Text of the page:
When you are looking to make an investment in precious metals at a lower capital point than you would if you were buying the metal outright, then you should look at silver options. In the US, silver binary options are traded on the Chicago Mercantile Exchange (CME), which is the best way for retail investors to gain exposure to this market segment with a relatively low capital outlay. Binary options are particularly popular because they allow traders to profit, regardless of the direction the price of silver takes.
Do you believe that the price of silver is bound to rise soon? Then, you should buy a Call option on the asset. A Call option on silver gives you the right – but not an obligation – to buy the metal at a pre-agreed price during a specified period of time, before the expiry of the option. This price is referred to as the strike price. If you have bought a Call option and the price of the metal rises above the strike price during the life of the contract, you earn a profit. On the other hand, if the price of silver sinks to a level that is lower than the strike price, you will lose your initial investment in the options contract, also known as the premium.
The other type of binary options contract is the Put option. It gives you the right – but no obligation – to sell silver for a particular amount of time at a fixed strike price. What should happen for you to earn a profit on a Put option is for the price of silver to drop below the contract’s strike price at the expiry of the trade. The approximate amount of profit you stand to earn will be clearly defined on the broker’s trading platform and in many cases, this can be as high as 90 percent. If the put option expires with the current price of silver being higher than the strike price, you lose your initial investment.
In options trading, every silver options contract is worth 5,000 ounces of the precious metal. That is, if an option costs $0.20, every options contract is worth $0.20 x 5,000 which is $1,000 plus commissions. In comparison, a silver futures contract controlling 5,000 ounces will cost a trader $9,900 in initial capital outlay. Buying physical silver is even more expensive since it requires that the buyer pays the full cash value of every ounce they purchase.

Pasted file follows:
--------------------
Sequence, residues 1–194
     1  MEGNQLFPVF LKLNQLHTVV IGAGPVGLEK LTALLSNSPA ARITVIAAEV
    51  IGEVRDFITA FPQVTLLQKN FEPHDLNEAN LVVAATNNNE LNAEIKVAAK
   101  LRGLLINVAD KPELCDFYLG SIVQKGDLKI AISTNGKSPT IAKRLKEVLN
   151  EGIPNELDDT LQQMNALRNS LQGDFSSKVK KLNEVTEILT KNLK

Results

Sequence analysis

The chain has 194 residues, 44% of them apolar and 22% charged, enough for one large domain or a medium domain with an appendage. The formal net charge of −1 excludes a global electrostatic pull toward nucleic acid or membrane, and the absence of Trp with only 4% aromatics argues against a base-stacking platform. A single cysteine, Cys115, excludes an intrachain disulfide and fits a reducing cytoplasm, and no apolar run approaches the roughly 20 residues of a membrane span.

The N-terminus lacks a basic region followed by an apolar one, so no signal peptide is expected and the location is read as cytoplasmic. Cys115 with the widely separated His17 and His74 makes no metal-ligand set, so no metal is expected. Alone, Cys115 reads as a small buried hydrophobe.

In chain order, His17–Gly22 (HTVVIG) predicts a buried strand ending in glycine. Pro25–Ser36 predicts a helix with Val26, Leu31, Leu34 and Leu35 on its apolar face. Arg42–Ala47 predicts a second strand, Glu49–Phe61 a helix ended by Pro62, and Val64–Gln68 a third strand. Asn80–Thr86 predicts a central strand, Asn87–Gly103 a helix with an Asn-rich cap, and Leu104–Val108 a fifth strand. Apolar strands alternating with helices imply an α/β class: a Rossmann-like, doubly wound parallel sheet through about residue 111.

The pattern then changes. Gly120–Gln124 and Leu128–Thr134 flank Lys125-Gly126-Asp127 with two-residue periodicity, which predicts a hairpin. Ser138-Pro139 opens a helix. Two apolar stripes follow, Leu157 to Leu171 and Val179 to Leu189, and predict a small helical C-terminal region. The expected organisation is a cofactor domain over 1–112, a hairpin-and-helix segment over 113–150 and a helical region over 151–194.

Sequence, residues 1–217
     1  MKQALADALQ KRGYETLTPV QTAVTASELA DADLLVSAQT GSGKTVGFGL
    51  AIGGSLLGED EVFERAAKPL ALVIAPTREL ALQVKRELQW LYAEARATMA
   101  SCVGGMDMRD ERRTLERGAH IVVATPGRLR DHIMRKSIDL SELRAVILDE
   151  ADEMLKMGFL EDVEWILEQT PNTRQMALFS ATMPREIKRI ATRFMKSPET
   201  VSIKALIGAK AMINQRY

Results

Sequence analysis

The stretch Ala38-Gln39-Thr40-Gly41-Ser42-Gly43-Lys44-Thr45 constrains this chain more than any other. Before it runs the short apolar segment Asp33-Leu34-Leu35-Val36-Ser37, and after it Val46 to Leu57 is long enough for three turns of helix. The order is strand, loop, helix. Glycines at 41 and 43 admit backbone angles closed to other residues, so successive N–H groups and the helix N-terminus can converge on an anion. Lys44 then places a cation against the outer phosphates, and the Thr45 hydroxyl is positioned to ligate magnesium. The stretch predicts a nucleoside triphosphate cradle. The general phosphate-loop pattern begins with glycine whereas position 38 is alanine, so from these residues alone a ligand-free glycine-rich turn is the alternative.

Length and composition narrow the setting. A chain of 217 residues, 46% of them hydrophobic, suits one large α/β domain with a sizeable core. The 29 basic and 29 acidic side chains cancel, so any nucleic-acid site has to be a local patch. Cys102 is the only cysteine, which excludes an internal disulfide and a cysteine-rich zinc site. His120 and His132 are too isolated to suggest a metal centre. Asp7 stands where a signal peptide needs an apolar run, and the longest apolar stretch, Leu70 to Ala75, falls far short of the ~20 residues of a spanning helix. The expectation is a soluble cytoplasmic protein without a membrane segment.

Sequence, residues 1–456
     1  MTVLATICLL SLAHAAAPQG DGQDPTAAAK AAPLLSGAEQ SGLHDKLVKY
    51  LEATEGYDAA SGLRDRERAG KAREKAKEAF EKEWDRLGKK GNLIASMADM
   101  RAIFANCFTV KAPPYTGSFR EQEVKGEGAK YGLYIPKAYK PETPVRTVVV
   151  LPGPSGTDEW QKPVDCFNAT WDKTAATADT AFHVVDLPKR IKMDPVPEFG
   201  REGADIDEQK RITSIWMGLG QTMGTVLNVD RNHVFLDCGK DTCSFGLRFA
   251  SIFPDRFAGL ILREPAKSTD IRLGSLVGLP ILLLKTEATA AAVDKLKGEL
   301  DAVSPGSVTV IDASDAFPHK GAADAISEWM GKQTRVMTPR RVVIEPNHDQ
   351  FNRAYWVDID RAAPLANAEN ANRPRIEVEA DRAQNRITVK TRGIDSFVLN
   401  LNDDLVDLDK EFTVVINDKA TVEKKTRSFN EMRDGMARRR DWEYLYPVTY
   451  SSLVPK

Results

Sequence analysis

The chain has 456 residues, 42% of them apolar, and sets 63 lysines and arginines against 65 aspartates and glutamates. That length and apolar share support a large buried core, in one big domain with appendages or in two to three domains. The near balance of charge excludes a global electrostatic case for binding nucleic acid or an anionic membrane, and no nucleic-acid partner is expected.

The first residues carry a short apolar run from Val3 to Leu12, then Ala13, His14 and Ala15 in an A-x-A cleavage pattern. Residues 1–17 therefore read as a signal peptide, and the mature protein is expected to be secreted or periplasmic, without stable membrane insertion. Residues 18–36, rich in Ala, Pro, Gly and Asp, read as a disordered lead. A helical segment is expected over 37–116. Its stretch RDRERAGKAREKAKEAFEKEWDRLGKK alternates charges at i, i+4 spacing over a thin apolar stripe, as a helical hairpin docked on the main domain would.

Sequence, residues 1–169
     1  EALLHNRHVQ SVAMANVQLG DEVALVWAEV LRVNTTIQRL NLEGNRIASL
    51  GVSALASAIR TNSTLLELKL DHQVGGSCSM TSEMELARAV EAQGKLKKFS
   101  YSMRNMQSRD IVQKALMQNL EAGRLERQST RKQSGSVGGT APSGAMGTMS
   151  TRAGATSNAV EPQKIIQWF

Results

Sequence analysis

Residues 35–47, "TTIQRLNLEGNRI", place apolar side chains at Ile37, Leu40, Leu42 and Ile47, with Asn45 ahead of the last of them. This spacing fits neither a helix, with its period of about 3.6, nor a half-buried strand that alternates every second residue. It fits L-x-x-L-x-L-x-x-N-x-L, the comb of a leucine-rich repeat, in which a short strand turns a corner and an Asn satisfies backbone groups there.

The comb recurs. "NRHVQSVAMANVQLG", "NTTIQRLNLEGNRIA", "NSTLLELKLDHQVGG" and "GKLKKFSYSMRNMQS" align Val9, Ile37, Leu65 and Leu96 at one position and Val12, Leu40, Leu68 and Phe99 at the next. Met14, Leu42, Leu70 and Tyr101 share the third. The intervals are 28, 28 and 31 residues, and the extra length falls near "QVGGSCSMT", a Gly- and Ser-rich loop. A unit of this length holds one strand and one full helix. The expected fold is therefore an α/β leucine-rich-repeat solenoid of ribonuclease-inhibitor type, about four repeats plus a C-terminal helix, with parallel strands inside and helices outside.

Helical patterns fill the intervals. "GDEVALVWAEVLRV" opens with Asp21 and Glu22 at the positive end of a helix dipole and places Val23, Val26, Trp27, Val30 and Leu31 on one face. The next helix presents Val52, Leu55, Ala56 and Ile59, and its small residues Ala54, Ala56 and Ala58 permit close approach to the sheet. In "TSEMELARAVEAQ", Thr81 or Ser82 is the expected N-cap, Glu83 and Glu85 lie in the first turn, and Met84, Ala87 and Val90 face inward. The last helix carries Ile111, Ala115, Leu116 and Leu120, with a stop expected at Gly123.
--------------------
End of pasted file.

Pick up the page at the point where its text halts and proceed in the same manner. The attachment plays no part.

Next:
The Basics of Silver Futures
Both producers and consumers of this precious metal can manage price risk of the commodity by buying and selling futures contracts. Producers of silver should be able to utilize a short hedge to ensure that they have locked in the best selling price for the silver that they produce. On the other hand, businesses and industries that require silver for their manufacturing processes can use a long hedge to ensure they get a fair price for the metal.
Silver futures contracts are also popular with speculative traders who take on the risk that hedgers are trying to avoid in hopes of profiting from favorable movements in silver prices. Such speculators will purchase silver futures contracts when they believe that the prices of the metal are likely to go up. Speculators will, on the other hand, sell their futures contracts if they think that prices are likely to drop.
Silver Futures vs. Silver Options
Although silver futures offer certain advantages to speculators, producers and industrial traders, silver options are a better choice for some investors. This is because options offer certain advantages such as leverage and the limitation of potential losses. Below, we look at some of these advantages:
- Additional Leverage: When you compare a silver option to buying a futures contract outright, a trader who buys a silver option benefits from additional leverage because the premium they need to pay is almost always lower than the margin required to purchase silver futures.
- Limiting Of Potential Losses: Because silver options only grant the buyer the right but not an obligation to assume the futures position, the potential amount the trader can lose on an unsuccessful trade is limited to the price they paid to purchase the option only.
- Flexibility: Through silver binary options alone, or by having a combined investment of options and futures contracts, it is possible for a trader to implement a wide variety of potentially profitable strategies that cater to their risk profile, cost considerations, investment timeframes and the prevailing outlook on market volatility.
The Final Word
In order to trade silver options, you need to have a margin brokerage account that has options trading among its options. There are several major brokers that accept US traders and who offer this type of account. The volumes and prices of silver binary trading are displayed on the Quotes page of the CME website. Most brokers who offer silver options also provide this information on their trading platforms.